Joan Rivers Heckled at Concert for Helen Keller Joke
The men in “Winter’s Bone” are gruff loners with a violent streak. The women are long-suffering companions resigned to their fate.
Not since “Deliverance” have backwoods characters been portrayed this chillingly on film.
Set among the dirt-poor in the Ozark Mountains, Debra Granik’s bleak, heartbreaking drama follows 17-year-old Ree Dolly as she tries to track down her druggie father, who disappeared after putting his ramshackle house up for bail.
Ree (Jennifer Lawrence), left to take care of her catatonic mother and two younger siblings, sets out to find her dad and save the family’s home. Along the way she encounters a bunch of stonewalling relatives willing to kill to protect their secrets, which involve the local cottage industry of making methamphetamine.
Granik captures their grim world with telling details: threadbare clothes, broken toys, scrawny pets. The dialogue is just as spare, as if words were valuable commodities not to be wasted.
“Winter’s Bone,” which won the top jury prize for drama at this year’s Sundance Film Festival, is so real it could almost pass as a documentary. It was filmed in the Missouri Ozarks and many locals were used as extras, adding to the distinct regional flavor.
Lawrence, who appeared in “The Burning Plain” with Charlize Theron and Kim Basinger, is mesmerizing as the fearless teenager. Not even a terrifying trip through a swamp and the sight of a dead man’s hands being severed with a chainsaw can stop her.
Other standouts include John Hawkes as her junkie uncle and Dale Dickey as the stone-faced wife of the area’s crime boss.
Granik, whose first feature, “Down to the Bone,” also involved drugs and small-town life, accents the atmosphere with gray cinematography and a down-home soundtrack. The movie is as harsh and unforgiving as an Ozark winter.
“Winter’s Bone,” from Roadside Attractions, opens tomorrow in New York and Los Angeles. Rating: ****
“Joan Rivers: A Piece of Work” opens with a close-up of the septuagenarian’s surgically altered face without any makeup. The shot is shockingly raw and compelling, much like Rivers and this documentary about her life.
Rivers, who turned 77 this week, is probably the most influential standup comedienne of her generation. Her outrageous style has spawned a host of imitators, from Kathy Griffin to Sarah Silverman, and her perseverance through a roller-coaster career is a reminder that toughness is as important as talent in show business.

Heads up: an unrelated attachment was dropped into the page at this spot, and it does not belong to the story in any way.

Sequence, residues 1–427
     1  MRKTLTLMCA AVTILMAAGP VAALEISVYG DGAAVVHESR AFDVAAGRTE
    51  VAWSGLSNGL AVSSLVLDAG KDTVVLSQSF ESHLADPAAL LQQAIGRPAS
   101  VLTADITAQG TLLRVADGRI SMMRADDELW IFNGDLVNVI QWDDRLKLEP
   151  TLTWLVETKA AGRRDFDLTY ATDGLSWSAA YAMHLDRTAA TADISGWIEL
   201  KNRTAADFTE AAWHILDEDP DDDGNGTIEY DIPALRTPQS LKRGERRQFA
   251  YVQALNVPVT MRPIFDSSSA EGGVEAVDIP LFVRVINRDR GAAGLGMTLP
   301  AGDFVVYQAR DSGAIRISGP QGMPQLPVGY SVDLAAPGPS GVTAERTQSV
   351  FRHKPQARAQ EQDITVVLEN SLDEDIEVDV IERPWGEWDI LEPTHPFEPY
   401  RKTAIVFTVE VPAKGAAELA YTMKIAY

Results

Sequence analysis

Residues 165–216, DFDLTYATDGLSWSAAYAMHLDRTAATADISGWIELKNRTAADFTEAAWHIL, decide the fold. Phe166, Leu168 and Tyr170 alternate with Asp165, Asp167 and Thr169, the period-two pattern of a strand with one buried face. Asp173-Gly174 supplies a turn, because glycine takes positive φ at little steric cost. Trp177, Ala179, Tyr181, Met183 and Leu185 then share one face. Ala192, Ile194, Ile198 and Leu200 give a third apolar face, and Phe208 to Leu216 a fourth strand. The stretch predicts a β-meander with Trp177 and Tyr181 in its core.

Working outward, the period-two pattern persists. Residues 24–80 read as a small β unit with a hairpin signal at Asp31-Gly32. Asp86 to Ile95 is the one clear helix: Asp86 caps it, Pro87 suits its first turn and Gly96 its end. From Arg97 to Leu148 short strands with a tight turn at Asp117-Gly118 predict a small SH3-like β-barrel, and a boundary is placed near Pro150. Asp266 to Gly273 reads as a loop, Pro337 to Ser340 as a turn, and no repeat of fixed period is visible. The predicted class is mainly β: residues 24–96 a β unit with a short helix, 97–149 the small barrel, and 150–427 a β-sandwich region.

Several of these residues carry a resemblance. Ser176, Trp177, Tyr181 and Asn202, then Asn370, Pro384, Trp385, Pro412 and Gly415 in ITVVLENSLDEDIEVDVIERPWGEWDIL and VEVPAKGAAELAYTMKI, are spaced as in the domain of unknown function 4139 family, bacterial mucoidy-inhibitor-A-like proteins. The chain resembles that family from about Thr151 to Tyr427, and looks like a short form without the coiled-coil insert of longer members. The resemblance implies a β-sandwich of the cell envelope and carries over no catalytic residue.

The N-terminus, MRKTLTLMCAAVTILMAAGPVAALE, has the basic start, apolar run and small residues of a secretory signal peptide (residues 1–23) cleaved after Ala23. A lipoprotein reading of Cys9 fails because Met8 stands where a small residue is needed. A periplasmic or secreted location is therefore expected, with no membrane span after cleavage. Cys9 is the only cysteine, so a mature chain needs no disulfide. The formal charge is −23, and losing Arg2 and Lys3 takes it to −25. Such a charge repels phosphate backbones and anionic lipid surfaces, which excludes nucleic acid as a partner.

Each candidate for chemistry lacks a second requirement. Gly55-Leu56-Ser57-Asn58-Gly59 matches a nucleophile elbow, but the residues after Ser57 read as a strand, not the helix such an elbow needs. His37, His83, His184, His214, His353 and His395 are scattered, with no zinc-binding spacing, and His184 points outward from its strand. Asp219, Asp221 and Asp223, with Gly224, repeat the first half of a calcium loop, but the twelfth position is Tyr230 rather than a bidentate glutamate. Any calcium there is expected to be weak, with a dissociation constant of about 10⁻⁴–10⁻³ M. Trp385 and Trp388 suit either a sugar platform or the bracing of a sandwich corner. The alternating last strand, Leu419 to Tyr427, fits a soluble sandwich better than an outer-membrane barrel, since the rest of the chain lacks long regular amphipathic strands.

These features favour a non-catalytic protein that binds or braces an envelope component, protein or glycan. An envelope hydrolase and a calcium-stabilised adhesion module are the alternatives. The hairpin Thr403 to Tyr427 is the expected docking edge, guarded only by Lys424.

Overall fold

Filmmakers Ricki Stern and Annie Sundberg, whose previous documentaries have tackled such serious subjects as ethnic slaughter in Sudan and a man wrongly imprisoned for murder, followed Rivers for a year to chronicle her dogged attempts to stay in the public eye.
They show Rivers performing in clubs, signing books, acting in an autobiographical play and appearing on “The Celebrity Apprentice.” Uncomfortable moments aren’t whitewashed. When a man with a deaf son heckles Rivers for telling a Helen Keller joke at a concert in Wisconsin, she angrily castigates him for having no sense of humor. (Rivers told the crowd she doesn’t like children, but would have made an exception for Keller “because she didn’t talk.”)
We also spend considerable time with her offstage, at her palatial New York apartment (“This is the way Marie Antoinette would have lived if she had money!”), hosting a lavish Thanksgiving dinner and dealing with her coterie of aides, including a longtime manager whom she eventually fires.
Interspersed are old clips of TV appearances with Jack Paar and Johnny Carson, who stopped speaking to Rivers after she ditched her regular fill-in gig at the “Tonight Show” to star in her own program on Fox.
Rivers talks candidly about her life, including her husband’s suicide, her numerous plastic surgeries and her knotty relationship with daughter Melissa. She comes across as driven, insecure, generous, petty and -- most of all -- very funny.
“Joan Rivers: A Piece of Work,” from IFC Films, opens tomorrow in New York and Los Angeles. Rating: ***
What the Stars Mean: **** Excellent *** Good ** Average * Poor (No stars) Worthless
(Rick Warner is the movie critic for Muse, the arts and leisure section of Bloomberg News. The opinions expressed are his own.)
To contact the writer on the story: Rick Warner in New York at email@example.com.